John's breast; a convulsive movement ran
through every fibre of her frame, and all was, where, by means of bribes and entreaties, we silent. St. John raised her face; the eyes were find him. closed, and a tinge of blood stained the parted On the centre table, covered with a rich pall lips : something horrible took possession of his of black velvet, rested the close narrow prison, mind; he placed a hand on her heart, but no where, cold in death, lay that once brilliant throb woke the stillness. The truth, in all its Rose! The large chandelier, which had been fearful solemnity, rushed on his senses-Rose hung for her fête, was lighted for the first time Spencer was dead! The struggle within, and over her in death; it showed her more lovely excitement, had been too much for her frail | than ever, and St. John, as he stood there, body; with the spirit's conflict the chord of life would gladly have exchanged places with his had snapped asunder. A shriek rose on the victim. According to Mr. Spencer's wishes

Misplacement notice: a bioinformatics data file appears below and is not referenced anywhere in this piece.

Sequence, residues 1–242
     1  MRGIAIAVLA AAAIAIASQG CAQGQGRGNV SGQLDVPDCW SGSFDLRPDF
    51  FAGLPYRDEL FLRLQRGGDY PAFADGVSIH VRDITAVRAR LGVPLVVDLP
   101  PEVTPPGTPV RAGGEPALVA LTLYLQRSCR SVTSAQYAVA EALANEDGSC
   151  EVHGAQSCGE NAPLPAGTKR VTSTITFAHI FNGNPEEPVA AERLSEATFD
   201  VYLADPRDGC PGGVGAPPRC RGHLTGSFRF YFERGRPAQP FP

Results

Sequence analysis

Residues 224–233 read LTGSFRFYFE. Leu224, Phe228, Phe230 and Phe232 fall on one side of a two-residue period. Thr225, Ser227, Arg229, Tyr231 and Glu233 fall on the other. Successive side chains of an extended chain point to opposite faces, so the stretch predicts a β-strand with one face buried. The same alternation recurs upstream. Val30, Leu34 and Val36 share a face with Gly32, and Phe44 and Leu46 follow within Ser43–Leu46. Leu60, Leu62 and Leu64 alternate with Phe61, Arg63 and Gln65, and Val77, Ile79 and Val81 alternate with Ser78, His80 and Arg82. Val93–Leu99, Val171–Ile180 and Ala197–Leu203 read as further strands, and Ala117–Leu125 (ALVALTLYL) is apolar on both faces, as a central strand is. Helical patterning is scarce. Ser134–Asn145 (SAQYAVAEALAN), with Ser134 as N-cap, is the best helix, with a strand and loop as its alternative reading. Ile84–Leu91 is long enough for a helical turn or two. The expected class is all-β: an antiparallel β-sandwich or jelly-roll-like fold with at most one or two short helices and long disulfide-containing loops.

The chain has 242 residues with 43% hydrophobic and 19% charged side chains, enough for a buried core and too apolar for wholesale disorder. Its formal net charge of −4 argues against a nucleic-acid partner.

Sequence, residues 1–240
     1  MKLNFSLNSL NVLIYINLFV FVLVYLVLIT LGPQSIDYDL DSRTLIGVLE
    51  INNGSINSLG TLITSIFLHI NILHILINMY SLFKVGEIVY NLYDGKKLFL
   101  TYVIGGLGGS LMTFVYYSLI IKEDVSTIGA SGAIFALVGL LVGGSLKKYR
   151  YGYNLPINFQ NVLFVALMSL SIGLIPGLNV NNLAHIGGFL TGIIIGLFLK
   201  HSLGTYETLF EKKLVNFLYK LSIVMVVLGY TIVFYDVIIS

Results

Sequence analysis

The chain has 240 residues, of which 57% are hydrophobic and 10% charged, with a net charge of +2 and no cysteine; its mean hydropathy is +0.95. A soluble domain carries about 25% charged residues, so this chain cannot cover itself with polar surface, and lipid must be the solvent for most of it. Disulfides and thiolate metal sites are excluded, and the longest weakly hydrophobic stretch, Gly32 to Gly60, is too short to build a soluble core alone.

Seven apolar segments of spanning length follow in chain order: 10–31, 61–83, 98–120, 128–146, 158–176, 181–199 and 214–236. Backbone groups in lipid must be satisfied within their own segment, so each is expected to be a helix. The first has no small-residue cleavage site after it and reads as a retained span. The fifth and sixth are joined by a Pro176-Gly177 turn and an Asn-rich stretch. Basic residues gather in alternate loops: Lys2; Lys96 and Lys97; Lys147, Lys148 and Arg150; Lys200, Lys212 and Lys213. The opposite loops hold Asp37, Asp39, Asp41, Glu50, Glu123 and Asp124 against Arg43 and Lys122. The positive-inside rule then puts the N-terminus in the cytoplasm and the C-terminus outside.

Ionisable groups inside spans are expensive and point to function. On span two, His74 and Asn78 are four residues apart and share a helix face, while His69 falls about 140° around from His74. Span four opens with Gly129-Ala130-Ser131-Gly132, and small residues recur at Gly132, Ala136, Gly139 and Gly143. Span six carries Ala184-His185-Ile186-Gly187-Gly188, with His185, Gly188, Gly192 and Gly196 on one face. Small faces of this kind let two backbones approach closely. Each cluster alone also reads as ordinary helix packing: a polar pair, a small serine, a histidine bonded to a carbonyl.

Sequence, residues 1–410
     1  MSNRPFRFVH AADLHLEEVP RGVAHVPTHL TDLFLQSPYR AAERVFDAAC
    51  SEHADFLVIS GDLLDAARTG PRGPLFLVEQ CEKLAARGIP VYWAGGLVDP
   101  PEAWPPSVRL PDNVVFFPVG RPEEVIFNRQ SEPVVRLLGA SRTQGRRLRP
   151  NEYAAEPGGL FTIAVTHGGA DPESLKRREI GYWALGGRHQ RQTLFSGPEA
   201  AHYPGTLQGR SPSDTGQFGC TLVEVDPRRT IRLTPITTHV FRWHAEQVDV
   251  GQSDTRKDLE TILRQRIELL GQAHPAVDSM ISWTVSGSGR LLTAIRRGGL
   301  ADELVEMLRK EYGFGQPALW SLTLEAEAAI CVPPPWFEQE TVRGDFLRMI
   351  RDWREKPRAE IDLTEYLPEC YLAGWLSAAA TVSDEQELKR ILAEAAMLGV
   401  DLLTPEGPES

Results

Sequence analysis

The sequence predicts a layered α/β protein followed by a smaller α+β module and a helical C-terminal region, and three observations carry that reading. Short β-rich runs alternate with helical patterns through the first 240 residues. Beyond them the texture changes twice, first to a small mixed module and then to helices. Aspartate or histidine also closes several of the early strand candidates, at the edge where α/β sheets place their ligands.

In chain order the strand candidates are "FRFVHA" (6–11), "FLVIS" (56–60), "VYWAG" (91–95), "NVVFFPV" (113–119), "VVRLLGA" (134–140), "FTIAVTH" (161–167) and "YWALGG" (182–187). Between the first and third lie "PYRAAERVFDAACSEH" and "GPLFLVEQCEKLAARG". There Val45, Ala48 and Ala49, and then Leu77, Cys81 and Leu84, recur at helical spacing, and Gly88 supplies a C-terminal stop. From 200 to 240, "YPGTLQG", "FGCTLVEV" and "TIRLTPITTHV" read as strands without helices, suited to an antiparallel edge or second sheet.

, summer air, heart-rending and piercing; it came Rose had been dressed in the costume she was from the miserable Lord St. John.
to have appeared in at her ball; and now, the Mr. Talbot was the first who snatched the rich lace dress and satin vied with the marble victim, Rose, from the frenzied man, and all the hue of the “bride of death ;" her black hair family came rushing to the spot; they had hung in wavy folds, not redundant in curl, and missed her on their return, then souglit and those closed eyes looked like sleep. found only a corpse; but no trace of Lord St. Can this be death ?” cried the guilty man John could be discovered.
aloud, as he clung to the coffin for support
. “ Rose, my beautiful! my murdered Rose, wake! Ah me! I am alone!” He bent over